Playtime

You can discover more about a person in an hour of play than a year in conversation.

I often recommend play therapy to parents whose young children are struggling emotionally and behaviorally. As you can probably imagine, this recommendation is often met with a blank stare. Reluctant and a bit skeptical, parents often underestimate the power of using play in the therapy process. 

Play therapy is for children, what talk therapy is for adults & play therapy happens to be one of the most effective ways of helping children navigate the complicated and often emotionally trying process of growing up. Play therapy is a structured, theoretically based approach to therapy that builds on the normal communicative and learning processes of children. Play is a child’s language, and it is through therapeutic play that children learn to:

  • Assume greater self-responsibility
  • Become more self-directed
  • Become more self-accepting
  • Become more self-reliant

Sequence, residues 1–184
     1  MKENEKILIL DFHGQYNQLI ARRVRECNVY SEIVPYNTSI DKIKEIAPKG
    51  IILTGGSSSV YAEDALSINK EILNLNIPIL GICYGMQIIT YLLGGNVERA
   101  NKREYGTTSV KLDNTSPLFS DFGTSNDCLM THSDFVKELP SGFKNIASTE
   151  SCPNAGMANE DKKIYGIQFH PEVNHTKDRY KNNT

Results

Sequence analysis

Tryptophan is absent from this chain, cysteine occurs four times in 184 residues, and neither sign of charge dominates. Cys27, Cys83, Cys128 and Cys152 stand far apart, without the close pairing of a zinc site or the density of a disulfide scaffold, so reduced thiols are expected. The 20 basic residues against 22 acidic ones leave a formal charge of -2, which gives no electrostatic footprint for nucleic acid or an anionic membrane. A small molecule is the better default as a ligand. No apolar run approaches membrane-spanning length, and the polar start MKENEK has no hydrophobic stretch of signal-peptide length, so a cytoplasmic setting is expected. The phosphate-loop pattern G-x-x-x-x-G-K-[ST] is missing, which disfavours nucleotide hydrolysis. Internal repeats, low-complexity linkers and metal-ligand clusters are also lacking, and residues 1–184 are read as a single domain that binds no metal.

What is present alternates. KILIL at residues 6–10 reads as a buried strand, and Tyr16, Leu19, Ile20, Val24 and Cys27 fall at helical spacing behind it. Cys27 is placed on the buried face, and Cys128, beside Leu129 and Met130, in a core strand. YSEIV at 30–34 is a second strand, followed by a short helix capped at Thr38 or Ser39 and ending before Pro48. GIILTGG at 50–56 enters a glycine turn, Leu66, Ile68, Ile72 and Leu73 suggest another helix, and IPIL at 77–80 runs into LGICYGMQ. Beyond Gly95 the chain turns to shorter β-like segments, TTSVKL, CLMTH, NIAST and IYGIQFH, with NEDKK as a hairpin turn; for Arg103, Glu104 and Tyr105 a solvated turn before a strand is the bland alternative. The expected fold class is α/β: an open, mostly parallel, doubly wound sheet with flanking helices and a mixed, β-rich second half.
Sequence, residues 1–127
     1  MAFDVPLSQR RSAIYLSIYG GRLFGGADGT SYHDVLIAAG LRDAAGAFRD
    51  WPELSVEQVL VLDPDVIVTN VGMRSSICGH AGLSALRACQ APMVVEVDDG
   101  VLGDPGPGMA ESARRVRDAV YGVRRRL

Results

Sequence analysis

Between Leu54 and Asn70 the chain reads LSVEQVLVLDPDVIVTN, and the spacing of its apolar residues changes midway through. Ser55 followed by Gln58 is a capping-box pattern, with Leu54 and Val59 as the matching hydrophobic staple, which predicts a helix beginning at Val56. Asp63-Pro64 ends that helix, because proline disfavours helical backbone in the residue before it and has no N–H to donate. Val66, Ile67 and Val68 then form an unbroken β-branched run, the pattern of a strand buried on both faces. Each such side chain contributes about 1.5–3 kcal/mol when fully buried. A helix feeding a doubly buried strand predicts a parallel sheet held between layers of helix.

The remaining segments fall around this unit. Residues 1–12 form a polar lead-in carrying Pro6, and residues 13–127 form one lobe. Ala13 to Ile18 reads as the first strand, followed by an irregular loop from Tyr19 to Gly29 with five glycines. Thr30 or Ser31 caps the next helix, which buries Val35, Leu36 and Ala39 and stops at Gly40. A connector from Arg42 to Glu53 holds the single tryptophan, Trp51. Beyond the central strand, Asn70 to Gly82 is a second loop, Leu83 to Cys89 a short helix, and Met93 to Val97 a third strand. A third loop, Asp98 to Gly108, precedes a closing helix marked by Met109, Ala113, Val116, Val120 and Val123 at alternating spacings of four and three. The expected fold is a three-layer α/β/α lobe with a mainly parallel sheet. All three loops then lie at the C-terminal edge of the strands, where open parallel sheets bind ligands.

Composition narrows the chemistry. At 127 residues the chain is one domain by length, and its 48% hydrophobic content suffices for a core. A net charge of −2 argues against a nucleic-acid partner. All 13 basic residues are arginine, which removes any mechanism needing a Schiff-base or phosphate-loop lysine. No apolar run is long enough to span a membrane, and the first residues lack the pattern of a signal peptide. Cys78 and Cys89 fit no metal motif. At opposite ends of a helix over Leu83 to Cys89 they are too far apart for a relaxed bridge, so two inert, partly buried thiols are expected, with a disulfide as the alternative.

• Engage in self-determined decision making
  • Experience a feeling of control over his/her environment, thus reducing generalized anxiety
  • Become sensitive to the process of coping
  • Develop an internal source of evaluation
  • Become more trusting of self.

Play therapy is best suited for children ages 3-12, however, in recent years, play therapy has been used with toddlers as well. The toys in the play therapy room are specifically selected to allow a child to explore social roles, such as nurturing baby dolls or dress up like a police officer. Therapists are trained to notice patterns & themes in a child’s play as a way of helping the child resolve internal struggles & move towards healing.

Therapy sessions vary in length, but generally last between 30-45 minutes. Research suggests that it takes an average of 20 sessions to resolve the problems of the typical child referred for treatment. Of course, some children may improve much faster while more serious or ongoing problems may take longer to resolve.

If you think your child could benefit from play therapy or have any further questions about this powerful treatment modality, don’t hesitate to contact me at Family Connections Counseling (817-545-7100) or find out more information at the Association for Play Therapy (www.A4PT.org).

“We don’t stop playing because we grow old; we grow old because we stop playing.”-George Bernard Shaw

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